The sailboats (14) outnumbered the powerboats (2), unlike what we see at many big regattas these days. The courses were varied and included a “Harry A,” which used the committee boat as a turning mark and led to some great action photos. As long as we had the line within range of square, the starts were amazingly even. And only one of the five races had a course skewed enough to be obvious, at least from a race committee boat with a shoelace for a telltale.

There is a place in the sailing world for perfection. I would be very disappointed to get to a top level championship and find some hack like me running the event, instead of experts like Tom Duggan and Hank Stuart and all the others who take race committee work so seriously. But for casual Sunday racing, maybe we should dial back the quest for perfection. Because as it turns out, all you need to run a sailboat race is an automatic timer, a couple of marks, and an orange-bottomed shoe on top of a boat hook.

 

Remembering Our 2004 Olympic Trials Win

The memories just won’t fade. It’s been 10 years and 47 days since we won the 2004 Yngling Olympic Trials and earned the right to represent the U.S. at the 2004 Games in Athens. And in some ways it still seems like yesterday.

Team Atkins wins Olympic Trials 2004

The photos make it obvious that we were all 10 years younger. But the details shine on into their second decade, polished only by my smile.

It seems impossible now that we all left our jobs and lives behind to move to Miami to train, but it was just one of many choices we all made to put this crazy dream at the top of our life lists. Liz Filter, Nancy Haberland and I were all equally committed to “Going all the way, baby” (as Liz put it, way back in 2002). Winning the Trials was not the ultimate goal, but it was a necessary and huge hurdle on the way to becoming an Olympian.

I wrote a short blog for boats.com about my favorite memory of all from a decade ago (read Throwback Thursday: Our Olympic Trials Win) There were so many great moments, it was hard to pick… but this one was a watershed for sure. Back when we were Team Atkins, before we had to pull all the logos off the boat for the Olympics, we peaked at the right time… and beat out a bunch of really good teams for the ultimate prize, an Olympic berth. No wonder the memories are still so shiny.

 

Eight Bells: Bob “Buddha” Billingham

It seems we are losing members of the sailing family left and right these days: Hugh Elliot. Hans Fogh. Hobie Alter. Steve Black. My own sailing mentor, Bob Bigelow.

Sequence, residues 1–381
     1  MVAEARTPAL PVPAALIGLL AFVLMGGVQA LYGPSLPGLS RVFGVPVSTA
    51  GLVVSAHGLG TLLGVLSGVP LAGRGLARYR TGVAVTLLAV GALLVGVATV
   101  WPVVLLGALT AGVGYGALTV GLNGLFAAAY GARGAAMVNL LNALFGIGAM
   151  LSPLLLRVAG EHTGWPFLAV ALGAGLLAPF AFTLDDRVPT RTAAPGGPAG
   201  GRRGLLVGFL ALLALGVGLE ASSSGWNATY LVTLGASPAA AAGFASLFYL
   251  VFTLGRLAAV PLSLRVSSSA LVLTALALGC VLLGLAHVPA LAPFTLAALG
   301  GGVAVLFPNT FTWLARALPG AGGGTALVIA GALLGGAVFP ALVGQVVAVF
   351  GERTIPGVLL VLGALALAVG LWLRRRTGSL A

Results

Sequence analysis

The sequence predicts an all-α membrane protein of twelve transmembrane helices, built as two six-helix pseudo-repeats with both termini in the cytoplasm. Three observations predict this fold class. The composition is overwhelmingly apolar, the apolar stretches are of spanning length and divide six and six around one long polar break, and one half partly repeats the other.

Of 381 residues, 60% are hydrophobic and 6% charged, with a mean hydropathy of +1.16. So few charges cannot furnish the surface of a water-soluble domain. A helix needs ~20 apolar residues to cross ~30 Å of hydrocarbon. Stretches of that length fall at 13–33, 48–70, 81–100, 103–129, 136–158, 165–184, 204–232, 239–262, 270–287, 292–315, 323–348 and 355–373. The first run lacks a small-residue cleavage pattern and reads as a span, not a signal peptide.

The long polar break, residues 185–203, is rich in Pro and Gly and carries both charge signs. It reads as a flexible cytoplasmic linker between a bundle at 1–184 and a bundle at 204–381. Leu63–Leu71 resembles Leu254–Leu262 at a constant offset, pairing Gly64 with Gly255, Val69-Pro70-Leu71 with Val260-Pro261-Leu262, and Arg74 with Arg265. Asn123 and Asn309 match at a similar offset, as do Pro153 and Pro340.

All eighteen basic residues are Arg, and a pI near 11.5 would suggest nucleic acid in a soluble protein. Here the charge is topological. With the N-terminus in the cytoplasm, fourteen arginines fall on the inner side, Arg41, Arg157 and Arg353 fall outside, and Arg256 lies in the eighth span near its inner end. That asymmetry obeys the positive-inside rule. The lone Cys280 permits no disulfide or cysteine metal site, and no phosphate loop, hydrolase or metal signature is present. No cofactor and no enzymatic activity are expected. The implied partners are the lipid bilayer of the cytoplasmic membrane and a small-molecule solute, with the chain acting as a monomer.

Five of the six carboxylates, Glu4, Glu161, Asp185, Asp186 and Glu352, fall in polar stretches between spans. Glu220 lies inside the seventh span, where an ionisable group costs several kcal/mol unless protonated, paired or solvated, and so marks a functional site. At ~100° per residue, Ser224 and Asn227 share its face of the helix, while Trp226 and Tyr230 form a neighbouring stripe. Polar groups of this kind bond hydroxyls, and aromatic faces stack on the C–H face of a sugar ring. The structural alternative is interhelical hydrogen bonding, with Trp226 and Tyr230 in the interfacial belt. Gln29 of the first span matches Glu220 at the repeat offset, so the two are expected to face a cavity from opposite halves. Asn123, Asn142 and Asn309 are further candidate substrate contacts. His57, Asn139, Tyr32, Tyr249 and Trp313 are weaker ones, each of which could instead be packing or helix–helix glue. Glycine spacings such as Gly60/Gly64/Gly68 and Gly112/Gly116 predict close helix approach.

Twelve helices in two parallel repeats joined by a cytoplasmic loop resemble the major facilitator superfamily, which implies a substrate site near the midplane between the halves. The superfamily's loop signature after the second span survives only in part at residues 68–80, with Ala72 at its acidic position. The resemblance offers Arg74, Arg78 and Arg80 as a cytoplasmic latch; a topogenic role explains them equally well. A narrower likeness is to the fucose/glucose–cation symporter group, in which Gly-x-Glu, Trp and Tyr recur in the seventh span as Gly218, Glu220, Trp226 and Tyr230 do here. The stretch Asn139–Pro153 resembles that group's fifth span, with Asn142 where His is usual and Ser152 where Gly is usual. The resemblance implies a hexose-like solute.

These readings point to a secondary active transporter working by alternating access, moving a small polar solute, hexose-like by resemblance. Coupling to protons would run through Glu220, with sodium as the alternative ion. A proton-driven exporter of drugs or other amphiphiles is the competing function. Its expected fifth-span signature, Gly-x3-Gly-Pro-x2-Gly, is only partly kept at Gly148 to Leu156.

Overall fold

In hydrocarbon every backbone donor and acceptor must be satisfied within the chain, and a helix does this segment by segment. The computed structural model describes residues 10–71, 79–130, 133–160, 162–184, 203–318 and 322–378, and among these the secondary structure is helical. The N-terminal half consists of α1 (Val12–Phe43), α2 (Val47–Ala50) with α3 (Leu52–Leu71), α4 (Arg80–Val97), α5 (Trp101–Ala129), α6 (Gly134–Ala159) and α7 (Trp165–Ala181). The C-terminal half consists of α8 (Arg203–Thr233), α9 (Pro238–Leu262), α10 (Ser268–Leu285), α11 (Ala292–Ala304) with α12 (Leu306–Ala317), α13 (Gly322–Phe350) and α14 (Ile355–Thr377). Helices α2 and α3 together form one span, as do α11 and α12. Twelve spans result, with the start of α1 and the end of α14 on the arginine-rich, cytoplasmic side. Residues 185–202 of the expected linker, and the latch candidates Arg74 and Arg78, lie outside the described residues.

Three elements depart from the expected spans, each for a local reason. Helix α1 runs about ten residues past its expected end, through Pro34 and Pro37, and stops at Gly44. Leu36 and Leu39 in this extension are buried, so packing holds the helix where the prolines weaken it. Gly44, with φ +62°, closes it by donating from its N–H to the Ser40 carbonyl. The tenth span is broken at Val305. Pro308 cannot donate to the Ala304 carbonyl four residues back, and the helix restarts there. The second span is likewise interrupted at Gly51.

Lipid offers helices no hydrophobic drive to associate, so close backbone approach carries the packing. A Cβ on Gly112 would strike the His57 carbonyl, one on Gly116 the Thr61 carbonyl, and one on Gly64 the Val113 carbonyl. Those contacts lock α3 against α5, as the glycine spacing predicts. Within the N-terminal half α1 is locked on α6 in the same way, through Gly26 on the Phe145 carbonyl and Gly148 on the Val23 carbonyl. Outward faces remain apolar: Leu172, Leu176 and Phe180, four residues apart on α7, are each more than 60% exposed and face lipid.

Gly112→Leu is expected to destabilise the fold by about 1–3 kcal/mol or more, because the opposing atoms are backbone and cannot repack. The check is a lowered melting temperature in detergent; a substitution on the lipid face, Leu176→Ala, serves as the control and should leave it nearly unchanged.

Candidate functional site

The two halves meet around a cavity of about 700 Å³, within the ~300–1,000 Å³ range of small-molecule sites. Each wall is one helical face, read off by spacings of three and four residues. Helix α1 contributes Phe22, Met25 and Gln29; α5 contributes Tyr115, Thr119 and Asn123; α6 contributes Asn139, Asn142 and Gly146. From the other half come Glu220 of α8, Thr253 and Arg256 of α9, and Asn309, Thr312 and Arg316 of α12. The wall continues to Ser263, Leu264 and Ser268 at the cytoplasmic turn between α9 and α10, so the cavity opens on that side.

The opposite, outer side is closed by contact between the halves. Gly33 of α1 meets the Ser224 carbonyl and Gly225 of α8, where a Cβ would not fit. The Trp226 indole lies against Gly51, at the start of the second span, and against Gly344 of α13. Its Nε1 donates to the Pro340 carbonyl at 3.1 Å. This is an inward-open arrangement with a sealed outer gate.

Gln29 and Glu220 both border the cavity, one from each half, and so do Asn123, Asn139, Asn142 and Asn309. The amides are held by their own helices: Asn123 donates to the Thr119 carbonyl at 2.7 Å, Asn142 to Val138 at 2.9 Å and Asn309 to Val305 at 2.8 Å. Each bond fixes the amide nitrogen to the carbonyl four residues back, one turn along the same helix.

And even among such illustrious company, Bob “Buddha” Billingham still stands out.Bob Billingham with his hands and shirt dirty from work

Bob was the most “get it done” guy I’ve ever met. (And for those of you who know my husband, that’s saying a lot.) By the time I joined Bob on the Olympic Sailing Committee in 2005, we were both past our Olympic sell-by dates. But even two decades after he’d won a silver medal (Korea 1988, in the Soling with John Kostecki and Will Baylis), Bob still brought an Olympian’s mentality to everything he did. There was no obstacle too large to overcome—assuming the end goal was worth it.

I’m sure there were other end goals in Bob’s life, including work and family and the America’s Cup. But because Bob never talked about his successes, and actively discouraged anyone else from talking about them either, the only place I saw his impact was in person, on the Olympic Sailing Committee. He got what was different about the world of Olympic sailing in the 21st century—and what was still very much the same. We all like to talk about “back in the day,” but Bob’s stories had a point that was pertinent to the challenges facing today’s athlete.

He was always cutting through the distracting details and bringing us back to our real mission: giving Olympic hopefuls what they need to succeed on the world stage. And he never wanted credit for any of this; he just wanted to know that he’d helped remove a few of the many impediments to success for those trying to win an Olympic sailing medal. He was never afraid to take on the big problems, and he could make the leap from tiny detail to a short, pithy sentence stating “why this is important” in a heartbeat—an invaluable skill on a committee.